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The global race for an Ebola drug or vaccine is on, with hundreds of millions of dollars of resources invested, but could our best bet already be hiding in plain sight within our spice racks?
A new study published in the journal In Vivo titled,"Curcumin Suppression of Cytokine Release and Cytokine Storm. A Potential Therapy for Patients with Ebola and Other Severe Viral Infections," has raised an intriguing possibility: that one of the world's most prized spices could provide an effective treatment against deadly viruses like Ebola that have no known conventional treatment to date.
Turmeric is about 3-5% curcumin by dry weight. It is one of the most extensively researched substances on the planet, with over 1540 studies available to view on our database alone. Amazingly, it has been identified to have potential or actual therapeutic value in over 600 health conditions. The discovery that it may also be an important anti-Ebola agent while new, is not surprising, given how profoundly it appears to ameliorate hundreds of causes of physical suffering, many of them associated with opportunistic infections with viruses, parasites and bacteria.
The study findings are summarized in the abstract succinctly:
Background: The terminal stage of Ebola and other viral diseases is often the onset of a cyotkine storm, the massive overproduction of cytokines by the body's immune system.
Materials and Methods: The actions of curcumin in suppressing cytokine release and cytokine storm are discussed.
Results: Curcumin blocks cytokine release, most importantly the key pro-inflammatory cytokines, interleukin- 1, interleukin-6 and tumor necrosis factor-α. The suppression of cytokine release by curcumin correlates with clinical improvement in experimental models of disease conditions where a cytokine storm plays a significant role in mortality.
Conclusion: The use of curcumin should be investigated in patients with Ebola and cytokine storm. Intravenous formulations may allow achievement of therapeutic blood levels of curcumin.
In a previous article, Natural Treatments for Ebola Exist, Research Shows, we reviewed some of the preliminary research available on natural treatments for Ebola. Curcumin was not yet on the radar of researchers when the article was written. Now, considering the new study, and curcumin's long history of safe usage, affordability, and widespread availability as a food ingredient, it should be considered top on the list of candidates for a natural anti-Ebola agent. Moreover, curcumin has already been found to inhibit a broad range of viruses, including HPV and Hepatitis C virus, indicating that future research should be performed to ascertain if it possesses direct anti-Ebola virus activity as well. You can peruse first-hand abstracts on the topic on our focused research page: Turmeric's anti-viral properties.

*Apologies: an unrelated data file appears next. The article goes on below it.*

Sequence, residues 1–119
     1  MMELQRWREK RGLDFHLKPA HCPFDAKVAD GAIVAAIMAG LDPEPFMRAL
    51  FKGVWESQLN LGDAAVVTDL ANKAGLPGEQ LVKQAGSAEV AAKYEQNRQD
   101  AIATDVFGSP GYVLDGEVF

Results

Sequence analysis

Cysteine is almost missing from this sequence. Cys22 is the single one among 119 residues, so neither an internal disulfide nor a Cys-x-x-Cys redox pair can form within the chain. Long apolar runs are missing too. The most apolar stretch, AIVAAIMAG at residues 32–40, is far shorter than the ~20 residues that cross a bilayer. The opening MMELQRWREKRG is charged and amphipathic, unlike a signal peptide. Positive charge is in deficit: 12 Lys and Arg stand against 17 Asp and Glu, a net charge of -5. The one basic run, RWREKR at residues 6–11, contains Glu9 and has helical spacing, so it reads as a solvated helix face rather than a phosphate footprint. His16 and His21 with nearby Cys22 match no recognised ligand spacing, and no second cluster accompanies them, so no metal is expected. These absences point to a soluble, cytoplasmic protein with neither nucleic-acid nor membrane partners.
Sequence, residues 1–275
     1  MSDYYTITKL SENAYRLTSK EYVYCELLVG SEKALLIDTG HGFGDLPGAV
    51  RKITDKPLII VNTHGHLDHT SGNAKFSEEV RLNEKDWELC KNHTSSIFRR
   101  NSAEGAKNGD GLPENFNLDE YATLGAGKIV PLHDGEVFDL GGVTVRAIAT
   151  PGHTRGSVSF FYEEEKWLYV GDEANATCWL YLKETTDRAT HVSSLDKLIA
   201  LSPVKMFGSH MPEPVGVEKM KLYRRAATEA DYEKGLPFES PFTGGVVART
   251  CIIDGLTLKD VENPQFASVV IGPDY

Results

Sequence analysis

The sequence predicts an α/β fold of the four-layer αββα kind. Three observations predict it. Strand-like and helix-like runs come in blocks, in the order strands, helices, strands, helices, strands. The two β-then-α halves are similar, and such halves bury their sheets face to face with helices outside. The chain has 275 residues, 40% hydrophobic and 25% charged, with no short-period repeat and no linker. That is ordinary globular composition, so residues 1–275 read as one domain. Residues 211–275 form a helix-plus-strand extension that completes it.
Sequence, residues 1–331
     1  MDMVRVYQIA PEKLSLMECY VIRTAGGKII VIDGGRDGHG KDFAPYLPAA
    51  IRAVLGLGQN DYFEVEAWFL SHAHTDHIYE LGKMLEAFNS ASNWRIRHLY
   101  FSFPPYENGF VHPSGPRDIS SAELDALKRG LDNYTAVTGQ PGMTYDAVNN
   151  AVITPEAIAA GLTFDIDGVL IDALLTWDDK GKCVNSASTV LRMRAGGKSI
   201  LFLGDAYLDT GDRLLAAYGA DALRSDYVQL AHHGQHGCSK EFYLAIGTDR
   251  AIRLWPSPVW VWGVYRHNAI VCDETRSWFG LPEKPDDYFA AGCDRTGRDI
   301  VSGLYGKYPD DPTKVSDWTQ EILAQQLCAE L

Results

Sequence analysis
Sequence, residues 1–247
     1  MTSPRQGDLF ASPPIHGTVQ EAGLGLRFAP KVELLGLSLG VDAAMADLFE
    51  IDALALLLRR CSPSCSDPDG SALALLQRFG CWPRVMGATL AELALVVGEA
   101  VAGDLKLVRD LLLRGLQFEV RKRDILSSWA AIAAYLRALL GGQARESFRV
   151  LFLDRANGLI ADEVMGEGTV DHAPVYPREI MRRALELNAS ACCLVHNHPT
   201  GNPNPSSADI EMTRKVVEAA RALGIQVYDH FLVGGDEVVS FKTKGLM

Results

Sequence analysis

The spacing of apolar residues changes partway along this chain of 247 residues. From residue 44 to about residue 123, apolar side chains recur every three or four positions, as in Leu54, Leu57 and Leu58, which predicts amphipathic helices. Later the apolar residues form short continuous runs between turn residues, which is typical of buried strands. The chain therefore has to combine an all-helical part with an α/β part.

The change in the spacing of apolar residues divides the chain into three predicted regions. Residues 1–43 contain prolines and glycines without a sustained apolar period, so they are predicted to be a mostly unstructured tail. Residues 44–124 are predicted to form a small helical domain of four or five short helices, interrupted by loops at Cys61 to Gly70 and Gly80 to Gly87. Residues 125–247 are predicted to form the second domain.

The new study looked at the wide-ranging ways that curcumin may down-regulate the "cytokine storm" inducible through infection with potentially lethal viruses like Ebola, and even the more common influenza A. Below is a diagram of these specific beneficial modulatory actions:
For further research, you can visit our curcumin database where you will find over 150 distinct modulatory properties possessed by this biomolecule, including many of those listed in these tables above.
One issue raised in the study's concluding remarks is curcumin's limited bioavailabity:
The activity of curcumin in suppressing multiple cytokines, and its activity in experimental models of diseases and conditions associated with cytokine storm, suggest it may be useful in the treatment of patients with Ebola and cytokine storm. Curcumin is poorly absorbed from the intestinal tract; however, intravenous formulations may allow therapeutic blood levels of curcumin to be achieved in patients diagnosed with cytokine storm. Clinical status and levels of important cytokines, such as IL1β, IL6 and TNFα, should be monitored carefully when patients are treated with curcumin."
While curcumin's bioavailability may be a limiting factor, there are a number of formulas on the market today that include the curcumin in a phospholipid-based (usually lecithin-derived) delivery system which makes it much more water soluble and capable of passing through the liver's imposing glucoronidation barrier, so it may gain systemic entry into circulation and the peripheral tissues. Some of these such as Meriva® or BCM-95 (non-affiliate links) are available over-the-counter. It is also possible to combine piperine, a compound found in black pepper, to enhance absorption and systemic delivery. It should also be noted that curcumin has an exceptionally high safety profile, with as high as 12 grams daily used in the clinical setting without side effects. For information on how to use turmeric in a medicinal though culinary way, watch the popular video on GreenMedTV on how to make a golden turmeric milk recipe:
Keep in mind that curcumin is a non-patentable natural substance. This does not bode well for it gaining acceptance by the capital-intensive and/or capital-focused medical system which requires the passing of a gauntlet of expensive clinical trials (over 800 million dollars on average is required to receive FDA drug approval) in order to obtain FDA drug approval, not to mention market exclusivity. Of course they may try to synthetically alter curcumin, creating semi-synthetic or synthetic analogs, suitable for obtaining patent rights. But this approach amounts to a "kiss of death," rendering a natural biomolecule into a xenobiotic, the latter of which often have dozens of adverse downstream health effects. This is why curcumin will not be broadcasted anytime soon as a viable therapy, despite the dire need for an alternative to conventional approaches which have yet to manifest.
For more information read the article: Why The Law Forbids the Medicinal Use of Natural Substances.